Grade: B

Los Angeles Chargers

On the surface, the Chargers’ first draft pick since moving to Los Angeles was a bit of a surprise, but once they made the pick, it looked like a no-brainer. Conventional wisdom had the Chargers taking a defensive back (Malik Hooker or Marshon Lattimore) or a pass-rusher to complement Joey Bosa (Jonathan Allen or Derek Barnett), but when top wide receiver Keenan Allen suffered yet another season-ending injury, it set into motion a plan to give quarterback Philip Rivers a new primary target. Clemson wide receiver Mike Williams was rated as the top WR in the draft class as recently as February, so getting him with the 7th overall pick actually represents quite a bit of value, as well as filling a need.

Now Rivers leads the team into a new home city, and he’s ready to fill the L.A. sky with footballs. Williams is a big, physical target; he’s Malcom Floyd turned up to full blast. He wins jump balls, and he is yet another big target in the red zone, to go along with Hunter Henry and (for a year, at least) Antonio Gates. Rivers hasn’t had a weapon like Williams since Vincent Jackson left for Tampa Bay Even then, Jackson admirably filled the role of WR1, but didn’t have the raw abilities that Williams brings from Day 1. On second thought, maybe this pick has nothing to do with Allen’s injury history; this was about giving Rivers the true #1 receiver he’s never had.

Round 1, Pick 7 (№7 overall) — Mike Williams, WR, Clemson

Round 2, Pick 6 (№38) — Forrest Lamp, OG, Western Kentucky

Round 3, Pick 7 (№71) — Dan Feeney, G, Indiana

Round 4, Pick 6 (№113) Rayshawn Jenkins, S, Miami

Round 5, Pick 7 (№151) Desmond King, S, Iowa

Round 6, Pick 6 (№190) Sam Tevi, OT, Utah

Round 7, Pick 7 (№225) Isaac Rochell, DT, Notre Dame

On Day 2 of the draft, the Chargers made life even more comfortable for Rivers by stealing two first-round talents in offensive linemen Forrest Lamp (second round) and Dan Feeney (third round). The strength of the Chargers’ offensive line will be the interior, which doesn’t help against the great edge pass rushers in the AFC West (Von Miller, Khalil Mack, Justin Houston) but will open running lanes for Melvin Gordon and give Rivers a solid pocket to step up into. Safeties Rayshawn Jenkins (fourth round) and Desmond King (fifth round) have complementary skills — Jenkins is the heavy-hitting enforcer, King is the ball-hawking coverage specialist — and under the tutelage of defensive coordinator Gus Bradley, could develop into a strong tandem in the Chargers’ secondary. The team was expected to spend the seventh overall pick on a defensive back, so landing Williams’ elite playmaking abilities, strengthening the offensive line, and still upgrading the defensive secondary is a major coup for Los Angeles.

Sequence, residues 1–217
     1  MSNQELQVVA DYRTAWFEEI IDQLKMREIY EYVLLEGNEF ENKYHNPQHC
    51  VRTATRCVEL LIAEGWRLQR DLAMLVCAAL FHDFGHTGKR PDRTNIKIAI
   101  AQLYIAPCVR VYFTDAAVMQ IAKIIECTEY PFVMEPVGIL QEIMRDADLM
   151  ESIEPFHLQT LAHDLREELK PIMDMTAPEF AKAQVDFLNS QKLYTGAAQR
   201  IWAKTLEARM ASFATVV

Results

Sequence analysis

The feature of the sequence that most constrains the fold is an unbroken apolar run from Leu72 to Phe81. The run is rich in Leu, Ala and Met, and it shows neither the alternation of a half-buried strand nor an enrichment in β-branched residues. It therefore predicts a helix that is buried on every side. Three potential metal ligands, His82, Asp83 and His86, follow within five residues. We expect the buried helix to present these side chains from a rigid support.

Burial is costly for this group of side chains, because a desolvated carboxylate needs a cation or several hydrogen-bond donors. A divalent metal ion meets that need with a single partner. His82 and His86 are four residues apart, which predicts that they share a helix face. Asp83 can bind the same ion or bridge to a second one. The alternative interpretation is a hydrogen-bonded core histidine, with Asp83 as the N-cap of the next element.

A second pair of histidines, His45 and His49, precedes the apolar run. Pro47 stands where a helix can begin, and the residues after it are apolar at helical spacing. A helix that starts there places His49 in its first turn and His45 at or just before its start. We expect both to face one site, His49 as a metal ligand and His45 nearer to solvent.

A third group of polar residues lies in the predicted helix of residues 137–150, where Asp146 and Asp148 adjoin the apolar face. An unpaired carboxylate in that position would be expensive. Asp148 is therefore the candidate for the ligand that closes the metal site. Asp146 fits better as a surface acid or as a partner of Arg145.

Grade: B-

Oakland Raiders

The high-powered Oakland offense finished the 2016 season without its star quarterback and still finished the season ranked 7th in overall offense (source: ProFootballReference.com). The draft goal for GM Reggie McKenzie was to bring balance to the AFC West champs. The defense ranked in the bottom half of the league in most statistical categories, including overall team defense. The Raiders likely landed three defensive starters with their first three picks in the 2017 NFL Draft, but the draft class is currently defined by the massive question mark that is first-round pick Gareon Conley. The Ohio State cornerback was regarded as the second-best corner in the draft (behind Marshon Lattimore), but rape allegations two days before the draft knocked Conley all the way down to the 24th pick of the first round. He likely would have fallen even further if the Raiders didn’t stop the free-fall. Now, the Raiders’ draft class will be defined by the outcome of the rape case; Conley has yet to be charged as of this writing.